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Leftovers & Links: Time is Notre Dame’s ally, for now, in independence as Big Ten and SEC grow

COLLEGE FOOTBALL: SEP 21 Notre Dame at Georgia

ATHENS, GA - SEPTEMBER 21: Notre Dame Fighting Irish Athletic Director Jack Swarbrick talks with former Pittsburgh Steeler running back Jerome Bettiis before the game between the Georgia Bulldogs and the Notre Dame Fighting Irish on September 21, 2019 at Sanford Stadium in Athens, Georgia. (Photo by Michael Wade/Icon Sportswire via Getty Images)

Icon Sportswire via Getty Images

The thing about existential crises is, by definition, they cover too much vague ground to be considered in one swoop. To handle them correctly, or just responsibly, time must be taken.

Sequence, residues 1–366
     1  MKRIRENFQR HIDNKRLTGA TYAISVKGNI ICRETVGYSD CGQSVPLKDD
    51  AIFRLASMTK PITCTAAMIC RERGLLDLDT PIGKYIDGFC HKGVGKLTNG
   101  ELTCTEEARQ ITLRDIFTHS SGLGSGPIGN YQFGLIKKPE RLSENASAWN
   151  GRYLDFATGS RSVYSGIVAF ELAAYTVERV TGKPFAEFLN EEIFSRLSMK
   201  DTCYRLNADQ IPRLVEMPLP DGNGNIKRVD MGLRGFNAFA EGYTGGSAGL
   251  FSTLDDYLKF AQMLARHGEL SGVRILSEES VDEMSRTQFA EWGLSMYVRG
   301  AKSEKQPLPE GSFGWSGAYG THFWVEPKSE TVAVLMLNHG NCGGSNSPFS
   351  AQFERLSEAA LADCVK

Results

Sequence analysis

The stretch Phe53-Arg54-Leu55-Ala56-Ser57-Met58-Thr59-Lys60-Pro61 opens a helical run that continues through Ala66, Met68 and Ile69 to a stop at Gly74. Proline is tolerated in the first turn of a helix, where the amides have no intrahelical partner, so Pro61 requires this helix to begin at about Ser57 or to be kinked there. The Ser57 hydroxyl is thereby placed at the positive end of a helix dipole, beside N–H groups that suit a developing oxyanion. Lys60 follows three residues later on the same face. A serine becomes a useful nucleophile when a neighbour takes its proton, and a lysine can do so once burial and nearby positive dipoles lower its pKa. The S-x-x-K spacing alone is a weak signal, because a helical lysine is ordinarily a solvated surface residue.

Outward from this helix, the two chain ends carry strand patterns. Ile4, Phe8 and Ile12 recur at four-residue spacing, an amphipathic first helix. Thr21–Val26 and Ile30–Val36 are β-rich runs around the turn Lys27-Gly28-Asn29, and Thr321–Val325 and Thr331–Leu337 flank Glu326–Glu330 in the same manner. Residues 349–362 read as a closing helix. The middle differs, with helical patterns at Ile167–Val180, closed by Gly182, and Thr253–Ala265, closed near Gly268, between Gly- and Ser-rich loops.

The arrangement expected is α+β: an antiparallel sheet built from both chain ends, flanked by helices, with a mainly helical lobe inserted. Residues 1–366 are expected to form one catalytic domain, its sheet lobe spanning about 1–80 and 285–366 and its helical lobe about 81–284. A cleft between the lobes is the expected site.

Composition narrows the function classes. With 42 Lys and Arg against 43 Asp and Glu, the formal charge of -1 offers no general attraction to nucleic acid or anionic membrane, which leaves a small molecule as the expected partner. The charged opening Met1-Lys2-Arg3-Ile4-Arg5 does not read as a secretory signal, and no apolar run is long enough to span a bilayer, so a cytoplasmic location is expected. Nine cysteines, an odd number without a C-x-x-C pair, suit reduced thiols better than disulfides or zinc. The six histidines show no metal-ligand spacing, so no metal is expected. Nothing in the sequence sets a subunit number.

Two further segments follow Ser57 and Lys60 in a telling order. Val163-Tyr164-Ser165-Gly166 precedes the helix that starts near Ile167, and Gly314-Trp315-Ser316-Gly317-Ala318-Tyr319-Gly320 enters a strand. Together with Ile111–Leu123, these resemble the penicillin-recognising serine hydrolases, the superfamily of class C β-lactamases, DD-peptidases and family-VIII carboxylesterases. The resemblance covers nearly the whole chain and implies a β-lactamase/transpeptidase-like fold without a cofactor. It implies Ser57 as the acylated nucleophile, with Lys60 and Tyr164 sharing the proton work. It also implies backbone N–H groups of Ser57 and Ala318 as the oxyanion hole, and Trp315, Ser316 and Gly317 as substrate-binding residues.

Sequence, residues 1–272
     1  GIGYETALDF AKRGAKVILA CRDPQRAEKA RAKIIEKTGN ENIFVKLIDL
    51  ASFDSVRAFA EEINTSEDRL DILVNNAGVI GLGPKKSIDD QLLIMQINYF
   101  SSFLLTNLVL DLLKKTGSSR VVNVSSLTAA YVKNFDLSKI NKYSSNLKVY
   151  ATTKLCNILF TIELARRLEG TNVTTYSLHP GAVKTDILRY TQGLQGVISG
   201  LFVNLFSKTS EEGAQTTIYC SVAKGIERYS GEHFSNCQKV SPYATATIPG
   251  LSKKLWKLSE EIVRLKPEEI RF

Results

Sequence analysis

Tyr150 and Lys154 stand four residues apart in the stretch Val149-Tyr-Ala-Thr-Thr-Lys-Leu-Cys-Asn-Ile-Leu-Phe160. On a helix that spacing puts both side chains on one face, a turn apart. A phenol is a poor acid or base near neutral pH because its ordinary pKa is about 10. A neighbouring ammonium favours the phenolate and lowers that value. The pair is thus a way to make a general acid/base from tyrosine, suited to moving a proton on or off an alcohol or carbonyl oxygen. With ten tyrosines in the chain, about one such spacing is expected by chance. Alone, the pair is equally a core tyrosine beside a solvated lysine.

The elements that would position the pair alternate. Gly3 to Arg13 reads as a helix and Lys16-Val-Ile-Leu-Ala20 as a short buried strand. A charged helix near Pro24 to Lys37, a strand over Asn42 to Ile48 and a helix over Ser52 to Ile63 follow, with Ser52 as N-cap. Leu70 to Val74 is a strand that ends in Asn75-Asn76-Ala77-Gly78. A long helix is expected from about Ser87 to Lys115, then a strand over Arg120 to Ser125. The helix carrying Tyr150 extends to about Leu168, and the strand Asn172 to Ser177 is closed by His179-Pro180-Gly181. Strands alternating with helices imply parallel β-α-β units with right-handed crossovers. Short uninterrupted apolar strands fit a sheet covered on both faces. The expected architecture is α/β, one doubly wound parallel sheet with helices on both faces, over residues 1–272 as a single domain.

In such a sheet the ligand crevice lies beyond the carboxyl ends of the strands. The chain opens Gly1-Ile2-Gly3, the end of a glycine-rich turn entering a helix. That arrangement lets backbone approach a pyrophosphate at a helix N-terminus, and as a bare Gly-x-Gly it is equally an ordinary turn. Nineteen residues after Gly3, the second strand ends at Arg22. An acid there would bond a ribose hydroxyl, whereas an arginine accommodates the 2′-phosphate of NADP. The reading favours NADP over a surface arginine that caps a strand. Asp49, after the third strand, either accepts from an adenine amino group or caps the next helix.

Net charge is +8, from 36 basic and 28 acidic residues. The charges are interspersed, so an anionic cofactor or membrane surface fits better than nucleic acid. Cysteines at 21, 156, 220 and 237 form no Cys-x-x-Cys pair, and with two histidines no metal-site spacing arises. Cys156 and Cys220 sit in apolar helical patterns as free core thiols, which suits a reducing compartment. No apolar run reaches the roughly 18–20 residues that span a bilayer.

Notre Dame will take its time as it considers the existential crisis being imposed upon its football program and athletics department as a whole. The Irish did nothing to spur this along aside from stick to their long-held tenets of independence, yet this tipping point has arrived, nonetheless. Last week’s moves from USC and UCLA into the Big Ten, effective in 2024, guaranteed as much.

But that is still two years from now. Know what comes between now and then? A-whole-nother summer.

It was less than a year ago, but still last summer, that these inevitabilities gained that descriptor of “inevitable” when Texas and Oklahoma announced they would head to the SEC effective in 2025. That timing could still move forward by a year or two, but each passing week without an agreement with the Big 12 lessens the chances of “or two.”